"Are There Home Treatments for Neuromas of the Foot?" - The New York Times

Published January 27, 2017

Neuromas of the foot, a painful condition caused by an inflamed nerve in the ball of the foot, can be effectively treated at home with daily massage and stretches and over-the-counter painkillers, said Dr. Jacqueline Sutera, a doctor of podiatric medicine and surgery.

“Of all the patients with neuromas I see in the office, I would say that ultimately only two of 10 might need surgery,” said Dr. Sutera, who practices in New York City and New Jersey.

Neuromas of the foot, also known as Morton's neuromas, typically cause sharp, stabbing pain in the second, third and fourth toes. The goal of massaging and stretching is to open up the space between the bones — the metatarsals — in the ball of the foot and increase circulation, which can help reduce the pain and inflammation. Focus on the ball of the foot, not the toes, since the pain in the toes is referred pain from the ball of the foot.

Dr. Sutera recommends placing the thumbs at the top of the foot and the other fingers on the bottom of the foot — or vice versa — and pressing and massaging the bones of the ball of the foot, “creating pressure on both sides, top and bottom.” Follow massages with stretches, using your hands to “grab your forefoot and pull it apart so you’re stretching the spaces between the metatarsals in the ball of the foot.”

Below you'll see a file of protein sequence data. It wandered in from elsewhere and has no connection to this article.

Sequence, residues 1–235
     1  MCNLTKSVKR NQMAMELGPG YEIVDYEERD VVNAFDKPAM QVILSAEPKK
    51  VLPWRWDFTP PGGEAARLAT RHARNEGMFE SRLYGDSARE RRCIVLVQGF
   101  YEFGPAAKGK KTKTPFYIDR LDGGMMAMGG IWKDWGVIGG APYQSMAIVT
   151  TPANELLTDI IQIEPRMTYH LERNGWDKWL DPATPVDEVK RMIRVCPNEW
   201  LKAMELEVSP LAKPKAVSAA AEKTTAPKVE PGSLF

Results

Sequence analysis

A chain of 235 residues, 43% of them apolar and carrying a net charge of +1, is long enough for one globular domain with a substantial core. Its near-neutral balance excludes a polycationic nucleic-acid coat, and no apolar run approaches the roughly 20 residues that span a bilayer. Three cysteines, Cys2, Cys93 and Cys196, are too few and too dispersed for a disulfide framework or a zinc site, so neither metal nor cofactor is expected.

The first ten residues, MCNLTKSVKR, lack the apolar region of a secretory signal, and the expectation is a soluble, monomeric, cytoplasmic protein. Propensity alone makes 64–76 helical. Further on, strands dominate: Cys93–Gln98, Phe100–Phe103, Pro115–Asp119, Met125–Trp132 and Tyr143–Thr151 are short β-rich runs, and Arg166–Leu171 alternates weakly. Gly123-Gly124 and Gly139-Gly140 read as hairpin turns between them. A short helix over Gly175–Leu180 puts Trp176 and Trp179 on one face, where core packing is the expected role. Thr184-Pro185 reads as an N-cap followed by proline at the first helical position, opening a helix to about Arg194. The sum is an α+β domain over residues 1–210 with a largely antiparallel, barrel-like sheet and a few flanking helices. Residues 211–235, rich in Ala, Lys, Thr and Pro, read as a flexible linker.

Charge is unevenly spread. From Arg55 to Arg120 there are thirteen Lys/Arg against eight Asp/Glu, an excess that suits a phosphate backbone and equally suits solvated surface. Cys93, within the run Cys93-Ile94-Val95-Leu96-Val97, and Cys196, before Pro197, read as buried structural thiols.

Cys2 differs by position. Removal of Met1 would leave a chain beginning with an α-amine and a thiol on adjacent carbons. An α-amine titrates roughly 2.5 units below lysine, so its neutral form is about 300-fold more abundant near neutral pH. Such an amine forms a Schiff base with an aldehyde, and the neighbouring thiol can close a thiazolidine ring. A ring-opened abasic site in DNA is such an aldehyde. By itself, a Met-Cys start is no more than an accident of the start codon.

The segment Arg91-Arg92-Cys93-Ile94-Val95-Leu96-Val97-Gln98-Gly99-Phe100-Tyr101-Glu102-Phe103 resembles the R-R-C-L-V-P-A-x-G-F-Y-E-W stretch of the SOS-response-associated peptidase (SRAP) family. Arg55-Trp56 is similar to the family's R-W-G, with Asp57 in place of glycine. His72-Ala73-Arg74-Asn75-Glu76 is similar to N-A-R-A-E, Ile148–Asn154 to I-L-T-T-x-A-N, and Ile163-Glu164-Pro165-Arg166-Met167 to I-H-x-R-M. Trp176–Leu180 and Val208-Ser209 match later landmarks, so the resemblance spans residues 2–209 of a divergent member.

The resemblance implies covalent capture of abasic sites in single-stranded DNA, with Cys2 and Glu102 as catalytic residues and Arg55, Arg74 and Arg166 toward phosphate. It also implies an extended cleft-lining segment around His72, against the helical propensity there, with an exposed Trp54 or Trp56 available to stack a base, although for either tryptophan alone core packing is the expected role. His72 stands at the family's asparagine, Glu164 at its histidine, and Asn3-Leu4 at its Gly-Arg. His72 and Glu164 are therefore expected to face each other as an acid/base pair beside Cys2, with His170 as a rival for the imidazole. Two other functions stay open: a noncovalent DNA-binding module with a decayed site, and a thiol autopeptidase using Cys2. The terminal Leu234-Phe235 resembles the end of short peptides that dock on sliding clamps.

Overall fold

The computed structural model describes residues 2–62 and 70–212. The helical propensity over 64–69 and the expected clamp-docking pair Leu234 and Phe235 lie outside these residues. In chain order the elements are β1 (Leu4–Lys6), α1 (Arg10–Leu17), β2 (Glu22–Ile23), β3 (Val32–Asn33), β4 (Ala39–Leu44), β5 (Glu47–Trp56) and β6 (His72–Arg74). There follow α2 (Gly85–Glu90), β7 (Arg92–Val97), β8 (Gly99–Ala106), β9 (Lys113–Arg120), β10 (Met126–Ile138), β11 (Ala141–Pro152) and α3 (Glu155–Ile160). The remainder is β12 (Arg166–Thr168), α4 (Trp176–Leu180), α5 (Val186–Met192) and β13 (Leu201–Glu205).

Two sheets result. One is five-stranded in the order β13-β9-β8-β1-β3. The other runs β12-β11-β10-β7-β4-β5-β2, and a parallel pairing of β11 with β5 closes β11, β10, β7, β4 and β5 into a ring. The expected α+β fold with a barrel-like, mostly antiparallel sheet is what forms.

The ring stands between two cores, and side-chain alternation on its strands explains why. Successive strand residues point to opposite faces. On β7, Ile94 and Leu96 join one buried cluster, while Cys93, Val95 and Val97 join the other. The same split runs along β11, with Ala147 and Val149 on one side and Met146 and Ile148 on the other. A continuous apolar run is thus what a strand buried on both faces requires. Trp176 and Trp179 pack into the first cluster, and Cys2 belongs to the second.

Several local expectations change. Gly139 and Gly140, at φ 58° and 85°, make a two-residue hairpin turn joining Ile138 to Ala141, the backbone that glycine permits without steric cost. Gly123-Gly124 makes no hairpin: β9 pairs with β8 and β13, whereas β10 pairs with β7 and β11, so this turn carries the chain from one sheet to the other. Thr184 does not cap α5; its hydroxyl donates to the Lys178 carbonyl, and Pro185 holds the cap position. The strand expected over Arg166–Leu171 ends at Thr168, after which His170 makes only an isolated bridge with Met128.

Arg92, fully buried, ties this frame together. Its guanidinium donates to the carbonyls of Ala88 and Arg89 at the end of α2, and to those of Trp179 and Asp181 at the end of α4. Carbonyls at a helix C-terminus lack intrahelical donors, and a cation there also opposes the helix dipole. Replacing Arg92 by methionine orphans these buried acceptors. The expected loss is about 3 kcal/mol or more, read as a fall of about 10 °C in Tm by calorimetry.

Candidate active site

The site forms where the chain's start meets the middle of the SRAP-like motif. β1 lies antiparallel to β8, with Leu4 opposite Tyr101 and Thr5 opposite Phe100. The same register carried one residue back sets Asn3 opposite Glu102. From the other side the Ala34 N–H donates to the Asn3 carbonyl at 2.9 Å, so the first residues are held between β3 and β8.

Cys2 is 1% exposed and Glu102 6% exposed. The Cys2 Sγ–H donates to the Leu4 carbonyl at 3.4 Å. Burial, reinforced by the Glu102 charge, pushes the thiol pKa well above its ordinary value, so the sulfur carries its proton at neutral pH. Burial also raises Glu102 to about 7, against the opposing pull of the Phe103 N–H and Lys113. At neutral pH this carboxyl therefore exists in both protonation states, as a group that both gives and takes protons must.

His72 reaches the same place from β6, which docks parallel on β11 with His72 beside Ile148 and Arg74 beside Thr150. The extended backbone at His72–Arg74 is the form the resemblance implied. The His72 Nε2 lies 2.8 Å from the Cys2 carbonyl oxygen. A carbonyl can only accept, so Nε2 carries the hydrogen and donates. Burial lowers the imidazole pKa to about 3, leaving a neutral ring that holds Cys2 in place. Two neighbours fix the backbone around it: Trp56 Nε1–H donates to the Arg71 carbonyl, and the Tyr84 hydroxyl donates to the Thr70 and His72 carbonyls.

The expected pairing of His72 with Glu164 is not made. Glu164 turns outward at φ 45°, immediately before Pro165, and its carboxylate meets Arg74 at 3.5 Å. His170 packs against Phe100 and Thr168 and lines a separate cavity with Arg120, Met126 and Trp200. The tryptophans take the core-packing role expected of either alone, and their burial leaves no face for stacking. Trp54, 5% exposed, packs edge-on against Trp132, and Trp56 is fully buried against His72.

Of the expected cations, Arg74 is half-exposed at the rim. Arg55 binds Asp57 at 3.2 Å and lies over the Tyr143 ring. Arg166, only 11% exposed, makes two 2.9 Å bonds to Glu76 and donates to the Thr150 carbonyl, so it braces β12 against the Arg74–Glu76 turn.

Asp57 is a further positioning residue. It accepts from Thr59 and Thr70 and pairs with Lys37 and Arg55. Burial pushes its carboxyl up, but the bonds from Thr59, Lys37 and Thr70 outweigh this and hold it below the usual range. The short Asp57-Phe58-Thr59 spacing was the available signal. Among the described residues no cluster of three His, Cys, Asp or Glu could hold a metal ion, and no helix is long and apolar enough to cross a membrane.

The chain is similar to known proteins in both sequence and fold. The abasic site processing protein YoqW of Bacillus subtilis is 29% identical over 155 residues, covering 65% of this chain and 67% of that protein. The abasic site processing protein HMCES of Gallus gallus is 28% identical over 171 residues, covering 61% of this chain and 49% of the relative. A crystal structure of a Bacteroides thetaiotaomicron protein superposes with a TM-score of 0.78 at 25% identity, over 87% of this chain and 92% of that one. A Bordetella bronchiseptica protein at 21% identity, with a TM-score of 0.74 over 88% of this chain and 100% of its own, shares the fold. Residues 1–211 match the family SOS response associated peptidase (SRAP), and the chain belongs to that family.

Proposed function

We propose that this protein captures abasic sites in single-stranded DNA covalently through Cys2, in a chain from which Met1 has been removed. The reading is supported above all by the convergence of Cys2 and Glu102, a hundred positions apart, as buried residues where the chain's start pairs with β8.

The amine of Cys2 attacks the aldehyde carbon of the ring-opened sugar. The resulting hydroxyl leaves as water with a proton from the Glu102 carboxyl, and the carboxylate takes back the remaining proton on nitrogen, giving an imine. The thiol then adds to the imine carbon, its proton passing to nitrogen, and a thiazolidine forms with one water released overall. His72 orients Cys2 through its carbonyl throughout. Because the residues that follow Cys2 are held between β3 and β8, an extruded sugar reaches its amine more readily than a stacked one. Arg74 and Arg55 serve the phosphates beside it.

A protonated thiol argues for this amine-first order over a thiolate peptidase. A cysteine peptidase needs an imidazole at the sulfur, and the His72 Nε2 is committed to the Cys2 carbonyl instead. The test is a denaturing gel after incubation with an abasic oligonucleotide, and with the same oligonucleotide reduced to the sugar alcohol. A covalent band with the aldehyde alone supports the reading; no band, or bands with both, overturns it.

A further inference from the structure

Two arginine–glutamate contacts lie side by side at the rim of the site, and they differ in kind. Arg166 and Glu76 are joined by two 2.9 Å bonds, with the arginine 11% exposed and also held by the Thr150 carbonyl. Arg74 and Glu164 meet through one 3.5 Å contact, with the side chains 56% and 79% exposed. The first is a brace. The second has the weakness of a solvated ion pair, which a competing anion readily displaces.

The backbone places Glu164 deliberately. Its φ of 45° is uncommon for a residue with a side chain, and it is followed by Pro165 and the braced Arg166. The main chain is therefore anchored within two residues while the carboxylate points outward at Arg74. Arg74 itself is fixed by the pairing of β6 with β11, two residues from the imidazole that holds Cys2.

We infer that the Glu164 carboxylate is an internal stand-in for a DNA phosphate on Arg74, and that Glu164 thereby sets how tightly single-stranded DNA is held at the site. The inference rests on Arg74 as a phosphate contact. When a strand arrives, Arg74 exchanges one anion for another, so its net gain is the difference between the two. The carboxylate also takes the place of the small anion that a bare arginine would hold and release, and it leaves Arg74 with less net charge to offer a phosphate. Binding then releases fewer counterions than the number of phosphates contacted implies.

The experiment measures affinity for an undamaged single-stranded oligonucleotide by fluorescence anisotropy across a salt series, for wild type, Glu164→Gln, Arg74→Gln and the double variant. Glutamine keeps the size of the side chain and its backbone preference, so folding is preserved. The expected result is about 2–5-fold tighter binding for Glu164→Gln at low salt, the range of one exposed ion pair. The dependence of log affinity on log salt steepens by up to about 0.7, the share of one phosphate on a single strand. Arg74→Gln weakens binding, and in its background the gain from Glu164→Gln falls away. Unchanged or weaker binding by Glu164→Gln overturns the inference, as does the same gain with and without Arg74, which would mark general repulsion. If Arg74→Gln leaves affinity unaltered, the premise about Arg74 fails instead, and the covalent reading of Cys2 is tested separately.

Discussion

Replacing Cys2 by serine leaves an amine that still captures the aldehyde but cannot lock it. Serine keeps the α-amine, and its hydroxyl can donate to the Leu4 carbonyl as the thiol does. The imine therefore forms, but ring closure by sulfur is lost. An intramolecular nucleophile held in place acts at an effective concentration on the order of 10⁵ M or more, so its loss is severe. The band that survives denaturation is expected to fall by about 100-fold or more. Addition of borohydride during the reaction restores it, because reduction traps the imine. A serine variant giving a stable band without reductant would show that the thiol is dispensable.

Massages and stretches are most effective at the end of the day, she said, ideally after a hot shower, bath or other heat application. After the massage and stretching, the area should be iced.

Since neuromas can be caused or aggravated by narrow, tight and pointy shoes or high heels, you may want to invest in comfortable, supportive footwear that has a wide toe box to help with healing and prevent recurrences, Dr. Sutera said. If you must wear high heels on occasion, wedges or platforms may be better for your feet, she said. Pads or cushioned inserts are also available to place in your shoes under the ball of your foot to help lift and separate the metatarsals.

A podiatrist can prescribe other treatments, such as physical therapy, cortisone injections for pain or custom-made orthotics.

But consult a physician before doing anything. “It’s important to get the right diagnosis,” Dr. Sutera said. “And if your symptoms get worse or persist, you should definitely go to a doctor for an X-ray and evaluation.”

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